Leave it to Mountain Village to come up with a novel solution to the er, novel coronavirus. The ritzy upstairs neighbor to Telluride has announce plans to refurbish gondola cars for socially-distanced dining in the Mountain Village plaza.
According to a story in the Denver Post’s “The Adventurist,” the cars, which are being called “cabins,” will have lights, heating and ventilation, cushioned seats with black leather coverings, wooden dining tables, easy-sliding doors and sturdy floors that can withstand wear and tear from ski boots.
“The dream is that eight people could fit. I think, comfortably, it will be more like six,” Zoe Dohnal, business development and sustainability director for the Town of Mountain Village, told The Adventurist. “We see it being an après ski element in the future (after the pandemic).”
For this winter, though, the aim is to offer added dining space and keep wait staff employed while restaurants are restricted to 50 percent capacity due to the pandemic. The town will erect yurts and temporary “pavilions” in the plaza as well.
Tables will have QR codes that show menu options from 12 restaurants in the village center. Some will send wait staff to your gondola or yurt, while others will allow you to order takeout.
In keeping with health department guidelines, guests are asked to restrict their dining to “related or associated parties,” Dohnal said.
In the brainstorming that led to the gondola idea, the idea of clear “igloos” made of plastic or glass was also floated. However, there was concern over whether they could stand up to high winds and heavy snow loads – the gondola cars solved that issue.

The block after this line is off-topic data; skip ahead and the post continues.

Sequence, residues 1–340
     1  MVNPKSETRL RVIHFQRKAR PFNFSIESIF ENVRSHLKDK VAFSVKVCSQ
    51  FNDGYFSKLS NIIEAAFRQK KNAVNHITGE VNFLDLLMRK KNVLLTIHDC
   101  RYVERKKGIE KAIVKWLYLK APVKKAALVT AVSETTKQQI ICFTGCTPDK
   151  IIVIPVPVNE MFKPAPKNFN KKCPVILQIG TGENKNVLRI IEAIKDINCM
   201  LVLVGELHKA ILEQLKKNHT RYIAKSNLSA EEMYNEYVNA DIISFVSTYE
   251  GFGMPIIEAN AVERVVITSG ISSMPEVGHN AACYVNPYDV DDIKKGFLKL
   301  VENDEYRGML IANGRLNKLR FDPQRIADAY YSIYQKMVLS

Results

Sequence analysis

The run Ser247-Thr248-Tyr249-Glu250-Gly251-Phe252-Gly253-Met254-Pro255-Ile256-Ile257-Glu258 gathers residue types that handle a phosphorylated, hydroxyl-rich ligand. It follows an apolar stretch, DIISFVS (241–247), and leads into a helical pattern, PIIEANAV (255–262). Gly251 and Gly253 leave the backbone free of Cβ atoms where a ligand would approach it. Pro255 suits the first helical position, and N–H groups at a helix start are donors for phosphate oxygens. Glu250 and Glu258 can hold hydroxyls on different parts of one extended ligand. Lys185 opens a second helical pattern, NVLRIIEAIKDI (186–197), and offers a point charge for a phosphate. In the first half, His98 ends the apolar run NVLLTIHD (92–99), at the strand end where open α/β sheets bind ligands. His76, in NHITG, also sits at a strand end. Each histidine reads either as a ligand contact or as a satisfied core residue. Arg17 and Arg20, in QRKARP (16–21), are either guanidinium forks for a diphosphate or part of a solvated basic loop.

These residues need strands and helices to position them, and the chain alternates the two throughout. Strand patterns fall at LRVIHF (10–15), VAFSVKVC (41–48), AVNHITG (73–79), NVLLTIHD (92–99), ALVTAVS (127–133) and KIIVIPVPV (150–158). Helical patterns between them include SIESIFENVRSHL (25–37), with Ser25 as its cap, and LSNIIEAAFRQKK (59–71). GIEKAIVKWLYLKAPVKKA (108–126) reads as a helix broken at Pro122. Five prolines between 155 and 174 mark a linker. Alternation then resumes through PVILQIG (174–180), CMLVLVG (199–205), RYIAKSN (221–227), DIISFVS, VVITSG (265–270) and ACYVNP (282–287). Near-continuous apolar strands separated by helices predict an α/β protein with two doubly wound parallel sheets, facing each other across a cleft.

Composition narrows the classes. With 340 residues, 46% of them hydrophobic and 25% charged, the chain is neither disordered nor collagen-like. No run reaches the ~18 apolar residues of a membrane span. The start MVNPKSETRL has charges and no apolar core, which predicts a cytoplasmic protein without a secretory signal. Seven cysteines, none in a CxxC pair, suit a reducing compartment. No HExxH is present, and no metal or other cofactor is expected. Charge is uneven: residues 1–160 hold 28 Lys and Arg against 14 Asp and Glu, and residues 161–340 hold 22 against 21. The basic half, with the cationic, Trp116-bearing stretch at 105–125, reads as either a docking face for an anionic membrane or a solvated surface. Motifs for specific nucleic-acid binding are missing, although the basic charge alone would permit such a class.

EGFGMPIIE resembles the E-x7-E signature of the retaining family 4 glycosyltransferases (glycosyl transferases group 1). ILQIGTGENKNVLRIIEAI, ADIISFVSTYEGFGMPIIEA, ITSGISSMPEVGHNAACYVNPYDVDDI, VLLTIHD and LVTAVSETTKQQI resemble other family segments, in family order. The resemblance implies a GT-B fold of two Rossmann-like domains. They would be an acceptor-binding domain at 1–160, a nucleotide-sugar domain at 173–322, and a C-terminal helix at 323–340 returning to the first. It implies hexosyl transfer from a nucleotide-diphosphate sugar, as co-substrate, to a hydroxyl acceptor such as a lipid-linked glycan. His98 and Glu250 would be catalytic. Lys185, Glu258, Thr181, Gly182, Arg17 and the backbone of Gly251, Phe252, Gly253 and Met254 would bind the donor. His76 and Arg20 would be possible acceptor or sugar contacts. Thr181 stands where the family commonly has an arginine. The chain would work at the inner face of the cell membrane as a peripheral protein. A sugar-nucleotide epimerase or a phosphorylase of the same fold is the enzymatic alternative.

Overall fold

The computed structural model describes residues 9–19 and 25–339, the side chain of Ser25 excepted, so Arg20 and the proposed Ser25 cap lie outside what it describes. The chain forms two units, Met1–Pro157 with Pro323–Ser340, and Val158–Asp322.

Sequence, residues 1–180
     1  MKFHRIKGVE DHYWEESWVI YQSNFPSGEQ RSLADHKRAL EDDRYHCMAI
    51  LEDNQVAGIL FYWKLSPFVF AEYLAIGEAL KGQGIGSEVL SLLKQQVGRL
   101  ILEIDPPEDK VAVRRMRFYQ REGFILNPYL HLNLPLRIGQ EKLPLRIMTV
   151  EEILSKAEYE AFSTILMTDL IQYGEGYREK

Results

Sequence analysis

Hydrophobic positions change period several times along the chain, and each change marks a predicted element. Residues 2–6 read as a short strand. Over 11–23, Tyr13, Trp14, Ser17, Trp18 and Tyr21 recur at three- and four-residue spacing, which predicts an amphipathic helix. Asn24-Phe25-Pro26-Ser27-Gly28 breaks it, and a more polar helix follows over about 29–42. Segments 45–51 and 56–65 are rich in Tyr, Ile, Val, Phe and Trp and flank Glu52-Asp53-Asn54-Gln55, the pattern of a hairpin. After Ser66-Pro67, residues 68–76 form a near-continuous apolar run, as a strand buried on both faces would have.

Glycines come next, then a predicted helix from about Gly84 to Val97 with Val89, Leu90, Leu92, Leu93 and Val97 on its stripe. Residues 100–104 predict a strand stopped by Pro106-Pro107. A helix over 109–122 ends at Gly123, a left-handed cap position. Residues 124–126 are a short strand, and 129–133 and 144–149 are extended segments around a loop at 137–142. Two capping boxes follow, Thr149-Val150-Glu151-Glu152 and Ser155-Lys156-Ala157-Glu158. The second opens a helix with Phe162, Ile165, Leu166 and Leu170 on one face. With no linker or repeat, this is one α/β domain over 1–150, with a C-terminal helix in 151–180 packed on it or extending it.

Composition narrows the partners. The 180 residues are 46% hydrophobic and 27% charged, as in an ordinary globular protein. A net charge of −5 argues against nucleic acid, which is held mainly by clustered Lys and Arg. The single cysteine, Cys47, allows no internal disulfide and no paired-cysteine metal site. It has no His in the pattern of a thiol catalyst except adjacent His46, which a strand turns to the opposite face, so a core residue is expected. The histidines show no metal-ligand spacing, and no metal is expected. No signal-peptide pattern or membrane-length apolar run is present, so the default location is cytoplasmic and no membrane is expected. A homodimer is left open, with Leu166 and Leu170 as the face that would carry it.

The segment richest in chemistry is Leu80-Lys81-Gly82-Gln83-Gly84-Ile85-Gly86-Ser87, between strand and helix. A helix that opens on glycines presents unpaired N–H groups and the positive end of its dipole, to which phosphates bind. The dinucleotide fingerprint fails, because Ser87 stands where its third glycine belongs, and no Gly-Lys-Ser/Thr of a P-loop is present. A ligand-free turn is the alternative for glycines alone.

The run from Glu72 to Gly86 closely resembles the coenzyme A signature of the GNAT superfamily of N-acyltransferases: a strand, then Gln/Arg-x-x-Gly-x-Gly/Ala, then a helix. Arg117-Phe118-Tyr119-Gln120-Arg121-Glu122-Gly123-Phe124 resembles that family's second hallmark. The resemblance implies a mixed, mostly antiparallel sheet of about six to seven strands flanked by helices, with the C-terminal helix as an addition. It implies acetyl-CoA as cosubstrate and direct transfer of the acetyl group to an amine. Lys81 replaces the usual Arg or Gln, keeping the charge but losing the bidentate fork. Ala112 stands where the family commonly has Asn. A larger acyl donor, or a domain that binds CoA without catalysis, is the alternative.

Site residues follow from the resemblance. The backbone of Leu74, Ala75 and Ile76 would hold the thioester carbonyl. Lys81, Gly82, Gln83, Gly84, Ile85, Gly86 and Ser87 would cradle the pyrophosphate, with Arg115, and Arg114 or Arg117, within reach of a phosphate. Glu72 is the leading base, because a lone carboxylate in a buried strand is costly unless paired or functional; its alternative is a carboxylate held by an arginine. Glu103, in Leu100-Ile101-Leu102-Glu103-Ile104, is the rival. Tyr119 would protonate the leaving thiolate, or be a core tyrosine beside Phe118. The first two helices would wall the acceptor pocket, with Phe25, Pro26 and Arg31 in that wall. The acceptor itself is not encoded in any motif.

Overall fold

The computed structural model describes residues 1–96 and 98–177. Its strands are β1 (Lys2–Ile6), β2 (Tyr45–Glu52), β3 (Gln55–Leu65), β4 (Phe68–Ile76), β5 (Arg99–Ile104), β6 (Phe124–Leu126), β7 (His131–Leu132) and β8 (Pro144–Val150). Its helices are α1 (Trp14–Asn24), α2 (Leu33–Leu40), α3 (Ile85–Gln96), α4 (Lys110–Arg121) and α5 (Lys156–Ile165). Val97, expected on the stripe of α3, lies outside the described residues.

The cars are being restored by The Gondola Shop, in Fruita. Owner Dominique Bastien said the cars were originally bought from Steamboat and Killington Resort, in Vermont.
She said the company mainly restores gondolas for private owners. “Some people turn them into offices with light and tables and heaters,” she said. “We make saunas, and party ones with fridges inside and lights and speakers. We did some for backyards for kids with a swing, ropes you can climb and a little slide that comes out of the roof. We can do anything.”
The base model will run you about $9,500 whereas a tricked-out sauna goes for about $25,000 if you can sweat it.
Bastien’s been in business for 22 years and said she and her eight full-time employees have been “crazy busy” this year. They typically refurbish about 100 gondolas a year, with each one requiring about 100 to 150 hours of labor. “They’re 30 years old,” she said “so they need work.”
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